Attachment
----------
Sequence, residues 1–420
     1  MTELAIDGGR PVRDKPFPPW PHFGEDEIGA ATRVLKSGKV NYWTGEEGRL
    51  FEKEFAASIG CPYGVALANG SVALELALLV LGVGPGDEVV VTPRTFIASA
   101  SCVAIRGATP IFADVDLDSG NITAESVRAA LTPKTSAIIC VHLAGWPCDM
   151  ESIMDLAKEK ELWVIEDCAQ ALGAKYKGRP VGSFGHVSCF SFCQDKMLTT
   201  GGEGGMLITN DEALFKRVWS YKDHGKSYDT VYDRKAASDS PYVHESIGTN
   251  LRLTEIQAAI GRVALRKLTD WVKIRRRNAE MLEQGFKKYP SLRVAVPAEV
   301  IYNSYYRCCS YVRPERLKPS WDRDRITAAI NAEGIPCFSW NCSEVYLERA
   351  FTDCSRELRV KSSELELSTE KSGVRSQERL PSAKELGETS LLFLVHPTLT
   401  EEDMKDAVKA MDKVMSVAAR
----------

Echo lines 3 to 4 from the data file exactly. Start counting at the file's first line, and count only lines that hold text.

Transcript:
    51  FEKEFAASIG CPYGVALANG SVALELALLV LGVGPGDEVV VTPRTFIASA
   101  SCVAIRGATP IFADVDLDSG NITAESVRAA LTPKTSAIIC VHLAGWPCDM